–Jess immediately realizes “Warrior Poet” Matt is an incredible d-bag. (Schmidt probably would have been begging to be his mentee if he weren’t so emotionally scarred by Matt’s physical shortcoming.) A few highlights: Matt is a street artist who looks at a wall and sees “a ninja handing out cheeseburgers [or] a chill alien”; he has seven tattoos, most ridiculous of which is one that reads “90% ANGEL / 10% DEVIL” in a font Matt claims he created; he tips the waiter with a drawing of a hip-hop mouse; he says street art is “the closest thing to an education homeless people [will] ever get”… need I go on? Jess doesn’t think so. When Matt realizes Jess is trying to weasel out of a second date, he says he became a douche after being tormented in school and accuses Jess of being shallow. Jess ultimately questions this claim—and, indeed, that Matt has a micro-penis at all. The latter, however, is easily proven by a quick flap open of Matt’s robe. Yep! Micro-penis.
–Because Jess loses the bet, Nick earns a short-lived VIP subscription to the porn site Ass Chat, including the “Kitty Room Live Experience.” Related: Nick doesn’t have to make a $500 donation to the National Organization for Women’s Love Your Body campaign, and Jess briefly misconstrues her reaction to Matt’s asshat personality as her being a “a superficial size a queen,” which is a phrase I would like any one of Jess, Winston, Schmidt, or even Coach to say at least once a week.
–Matt’s unsold street art is damaged to the tune of $12,000 (his own estimate) after Matt’s “getting kinda fat” girlfriend walks into Matt’s apartment and sees Jess with her pants around her ankles. There’s a simple, yet oh-so-New Girl explanation: Jess was showing him her janky knee to prove that we should all celebrate our flaws because, metaphorically, “we’re all covered in micro-penises.”
–The phrase ”we’re all covered in micro-penises” is uttered. (It’s no “sex fist.”)
Schmidt-iest lines of the night:
“Like climate change, we pretend [real women] don’t exist.”
“If I could give that poor man some of my penis, I would, but obviously you don’t pull a bumper off of a Ferrari.” (Cece: “Well it did go fast, I’ll give it that.”)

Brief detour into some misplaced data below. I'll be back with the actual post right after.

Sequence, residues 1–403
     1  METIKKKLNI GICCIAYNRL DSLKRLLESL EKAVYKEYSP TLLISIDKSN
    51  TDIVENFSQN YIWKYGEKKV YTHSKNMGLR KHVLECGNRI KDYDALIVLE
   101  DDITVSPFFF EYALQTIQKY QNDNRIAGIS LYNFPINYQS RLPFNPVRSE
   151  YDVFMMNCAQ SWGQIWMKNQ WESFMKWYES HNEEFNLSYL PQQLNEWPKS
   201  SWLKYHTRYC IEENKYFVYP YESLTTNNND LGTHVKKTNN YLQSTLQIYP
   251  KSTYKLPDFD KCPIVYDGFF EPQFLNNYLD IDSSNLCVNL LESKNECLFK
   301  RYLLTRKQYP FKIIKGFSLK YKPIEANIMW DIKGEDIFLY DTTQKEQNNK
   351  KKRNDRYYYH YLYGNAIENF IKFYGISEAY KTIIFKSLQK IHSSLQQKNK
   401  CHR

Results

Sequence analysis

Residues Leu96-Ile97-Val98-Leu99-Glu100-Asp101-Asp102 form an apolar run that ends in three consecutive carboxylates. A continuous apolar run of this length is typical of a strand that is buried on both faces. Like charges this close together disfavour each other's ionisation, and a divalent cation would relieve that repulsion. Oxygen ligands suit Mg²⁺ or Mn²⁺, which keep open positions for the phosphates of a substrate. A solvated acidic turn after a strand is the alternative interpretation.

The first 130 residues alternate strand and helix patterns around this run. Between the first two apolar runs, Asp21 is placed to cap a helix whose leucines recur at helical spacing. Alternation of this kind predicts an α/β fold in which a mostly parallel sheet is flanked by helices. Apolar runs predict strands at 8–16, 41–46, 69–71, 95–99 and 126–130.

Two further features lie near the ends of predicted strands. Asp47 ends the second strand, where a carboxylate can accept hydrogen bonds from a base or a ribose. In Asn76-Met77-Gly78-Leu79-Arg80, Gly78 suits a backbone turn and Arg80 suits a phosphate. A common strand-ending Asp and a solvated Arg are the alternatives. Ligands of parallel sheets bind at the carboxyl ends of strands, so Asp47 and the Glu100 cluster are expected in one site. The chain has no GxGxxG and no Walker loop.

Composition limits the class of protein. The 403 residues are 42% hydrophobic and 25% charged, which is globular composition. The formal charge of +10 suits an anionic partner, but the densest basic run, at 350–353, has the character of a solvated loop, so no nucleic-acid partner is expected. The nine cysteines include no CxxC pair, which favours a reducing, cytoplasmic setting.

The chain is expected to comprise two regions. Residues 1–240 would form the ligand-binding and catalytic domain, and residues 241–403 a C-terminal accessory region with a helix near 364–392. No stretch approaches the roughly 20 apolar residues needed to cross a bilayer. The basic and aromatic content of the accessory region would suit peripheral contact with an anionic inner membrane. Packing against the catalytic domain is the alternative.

“I just look at that picture [of a micro-penis] and wonder, Is there a God? And if there is, did he run out of clay?”
Art-directing Coach’s “modeling” shoot: “Now give me some stuff like it’s the first day of school and you’ve got your backpack on and you packed your own lunch—but what you don’t know is, when you were making it, you got some mustard on your forehead. Now you’re playing Pictionary. [You’re like] ‘Now I got my little card, what am I gonna draw? What am I gonna draw?’ You get sardines. They don’t smell good! ‘How do I draw a smell? How? Do I? Draw? A smell?’ That’s modeling.”
Schmidt’s pose repertoire (as many as 60 looks!):
–Sexy Baby (“There are people lining up on the streets to have sex with my baby.”)
–Hot Guy With a Kidnapped Son
–Classical Guitarist Who Loses a Shoe
–Cuddles With Tigers (shirtless!)
–How Did I Get Up Here? (a cat-like prowl presumably inspired by Furguson)
–Kiss the Cook (Coach admits, “Those lips are poppin’,” and Schmidt affirms, “There’s an accessibility with this one.”)
Two things are certain coming out of this episode: I could watch Schmidt model (or just teach Coach how to model) all day, and I hope that the Classic Cece/Winston Mess-Around becomes a series standby. An average episode overall, with a strong one-off performance by Alan Ritchson. As creator/showrunner Liz Meriwether promised, the show is hoping to get out of its monogamy rut by burning through a series of wacky entanglements and serving up ”the most sex where you can’t actually see anything on a television show possible.” Next week: Swoon-worthy Pretty Little Liars/Once Upon a Time Julian Morris for the ladies and Lisa Bonet for the guys. If this level of eye candy (and B-plot shenanigans) maintains, I’m game—at least until I’ve stopped having nightmares about micro-penises.